Postcards from the Ledge: Collected Mountaineering Writings of Greg Child
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Selections of the best writing from elite mountaineer Greg Child.
thought, now I’ve got to go through this again for the finals. Back in isolation, I sat with eleven contenders for the big finale. For this round I had contemplated pulling a can of beer from my chalk bag, popping it with a flourish of spraying foam, guzzling it down, and then chowing into a Dagwood-size burger before stepping onto the wall. Just to show I wasn’t serious. But I wouldn’t. Four hours passed before I got my turn to climb. I spent the time sitting silently, visualizing the layout
but forgotten these spectral beings till one day in June 1994, while descending the West Ridge of Mount Hunter in the Alaska Range after a long ascent of a new route that became known as “The Wall of Shadows,” I felt the snowy crust beneath me dissolve, and I dropped armpit-deep into a hidden crevasse. It was a minor event on an Alaskan peak, de rigueur, I suppose. My partner, Michael Kennedy, and I had each plunged knee- to waist-deep into a half-dozen slots already that morning. Roped together
snow, writhing, screaming, leg cramping, seeing colors, shivering, verging on shock.” While Bill thrashed around in agony Carl set up the tent; then he took Bill’s boot off and got him into his sleeping bag. Every move was agony. The next morning, their seventh day out, they took inventory of their gear, food, fuel, and painkillers—“to see where the edges of our world were.” They figured it would take five days to reach base camp. They had four days of food, five Tylenol per day, and a few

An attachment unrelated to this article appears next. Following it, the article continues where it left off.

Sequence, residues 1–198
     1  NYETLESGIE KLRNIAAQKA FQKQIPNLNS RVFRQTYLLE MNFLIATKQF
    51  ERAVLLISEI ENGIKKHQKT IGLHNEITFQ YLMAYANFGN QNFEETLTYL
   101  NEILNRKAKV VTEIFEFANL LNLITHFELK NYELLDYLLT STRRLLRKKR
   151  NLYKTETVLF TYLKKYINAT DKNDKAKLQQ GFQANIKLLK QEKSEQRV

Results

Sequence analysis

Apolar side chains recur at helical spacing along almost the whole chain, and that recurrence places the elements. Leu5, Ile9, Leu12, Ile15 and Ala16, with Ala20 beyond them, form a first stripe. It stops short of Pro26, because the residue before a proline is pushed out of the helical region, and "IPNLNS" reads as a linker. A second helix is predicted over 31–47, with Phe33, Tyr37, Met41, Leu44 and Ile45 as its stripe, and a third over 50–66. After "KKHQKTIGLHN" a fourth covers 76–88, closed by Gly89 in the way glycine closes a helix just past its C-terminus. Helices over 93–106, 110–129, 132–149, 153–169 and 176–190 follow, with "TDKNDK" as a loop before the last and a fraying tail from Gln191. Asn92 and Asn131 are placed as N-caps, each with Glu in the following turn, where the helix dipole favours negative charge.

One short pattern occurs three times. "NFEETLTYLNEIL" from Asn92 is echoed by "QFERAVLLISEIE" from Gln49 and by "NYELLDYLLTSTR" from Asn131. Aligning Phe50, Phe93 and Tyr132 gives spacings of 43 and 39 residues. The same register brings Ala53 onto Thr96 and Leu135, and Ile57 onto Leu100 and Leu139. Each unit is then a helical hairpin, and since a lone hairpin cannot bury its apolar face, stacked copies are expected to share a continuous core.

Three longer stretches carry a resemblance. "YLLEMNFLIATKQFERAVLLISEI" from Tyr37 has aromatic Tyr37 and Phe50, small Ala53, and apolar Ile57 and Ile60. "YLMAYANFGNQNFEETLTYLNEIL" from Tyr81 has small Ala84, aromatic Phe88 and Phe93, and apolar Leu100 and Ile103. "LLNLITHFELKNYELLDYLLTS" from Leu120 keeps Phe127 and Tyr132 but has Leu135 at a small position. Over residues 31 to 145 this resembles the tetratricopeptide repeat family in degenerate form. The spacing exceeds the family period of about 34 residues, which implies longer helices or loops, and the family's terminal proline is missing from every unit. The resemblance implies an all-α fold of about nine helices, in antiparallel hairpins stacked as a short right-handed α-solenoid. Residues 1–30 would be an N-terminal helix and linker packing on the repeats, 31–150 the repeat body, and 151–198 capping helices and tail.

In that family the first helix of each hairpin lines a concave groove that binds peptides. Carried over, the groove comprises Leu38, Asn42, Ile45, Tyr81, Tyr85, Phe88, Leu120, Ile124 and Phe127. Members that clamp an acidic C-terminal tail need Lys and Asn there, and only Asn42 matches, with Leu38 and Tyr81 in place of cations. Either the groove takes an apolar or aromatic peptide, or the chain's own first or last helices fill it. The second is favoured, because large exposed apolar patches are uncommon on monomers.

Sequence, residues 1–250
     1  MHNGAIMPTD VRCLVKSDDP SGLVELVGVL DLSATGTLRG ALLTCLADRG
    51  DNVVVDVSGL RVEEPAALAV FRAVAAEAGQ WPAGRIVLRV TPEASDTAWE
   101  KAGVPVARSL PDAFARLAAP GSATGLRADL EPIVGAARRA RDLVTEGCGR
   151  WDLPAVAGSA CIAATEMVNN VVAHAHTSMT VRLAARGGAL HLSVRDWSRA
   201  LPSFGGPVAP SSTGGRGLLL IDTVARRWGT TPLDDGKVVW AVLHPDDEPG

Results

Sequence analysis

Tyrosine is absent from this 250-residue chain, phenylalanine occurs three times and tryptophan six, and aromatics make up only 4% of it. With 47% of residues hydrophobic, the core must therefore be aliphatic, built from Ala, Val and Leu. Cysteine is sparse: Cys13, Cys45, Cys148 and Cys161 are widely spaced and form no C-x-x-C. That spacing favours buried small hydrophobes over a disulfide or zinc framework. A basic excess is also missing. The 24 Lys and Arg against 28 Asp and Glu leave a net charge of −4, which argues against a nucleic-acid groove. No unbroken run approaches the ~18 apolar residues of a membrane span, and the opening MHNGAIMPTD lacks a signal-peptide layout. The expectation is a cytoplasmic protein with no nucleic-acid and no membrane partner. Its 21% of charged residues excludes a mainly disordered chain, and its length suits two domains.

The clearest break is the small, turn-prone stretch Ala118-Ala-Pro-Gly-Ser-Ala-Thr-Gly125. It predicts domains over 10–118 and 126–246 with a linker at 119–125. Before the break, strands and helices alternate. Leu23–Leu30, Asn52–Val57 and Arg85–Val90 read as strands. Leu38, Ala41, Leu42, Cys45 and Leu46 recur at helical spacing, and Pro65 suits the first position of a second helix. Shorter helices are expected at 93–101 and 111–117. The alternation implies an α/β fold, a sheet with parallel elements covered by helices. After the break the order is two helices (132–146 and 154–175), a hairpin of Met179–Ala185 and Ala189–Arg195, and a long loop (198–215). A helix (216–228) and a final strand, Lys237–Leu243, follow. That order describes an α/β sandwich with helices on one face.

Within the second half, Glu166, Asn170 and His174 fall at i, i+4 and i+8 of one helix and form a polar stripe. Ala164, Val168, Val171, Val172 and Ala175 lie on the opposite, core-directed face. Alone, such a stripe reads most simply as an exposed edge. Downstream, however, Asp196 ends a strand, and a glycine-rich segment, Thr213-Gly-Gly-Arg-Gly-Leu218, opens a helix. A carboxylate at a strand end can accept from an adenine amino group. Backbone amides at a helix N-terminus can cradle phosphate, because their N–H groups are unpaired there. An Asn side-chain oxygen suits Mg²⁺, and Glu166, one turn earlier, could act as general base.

as he called his Everest flight, is a hard act to follow, and a perilous one. He was killed a couple of years later while BASE-jumping off Angel Falls in Venezuela. 6. THE FIRST (FILL IN YOUR GENDER, NATIONALITY, STAR SIGN, SEXUAL PREFERENCE, ETC., HERE) Is it really a measure of anything to make the first dyslexic Taiwanese ascent of a mountain with a tongue-tying name such as Gyachung Kang? Try a bit harder! 7. THE FIRSTEST This includes first free ascent, first solo, first winter climb,
risked her life on big mountains, K2 was just one stop on an ambitious, well-publicized project: to be the first woman to climb the world’s three highest peaks—Everest, K2, and Kangchenjunga—without supplemental oxygen. The Everest leg, in May 1995, had gone astonishingly smoothly. The Scottish mountaineer summited with the sun shining brightly the entire time. When she flew home for a few weeks of rest, she was hailed as a national hero. Meanwhile, Slater, her team’s expedition leader and a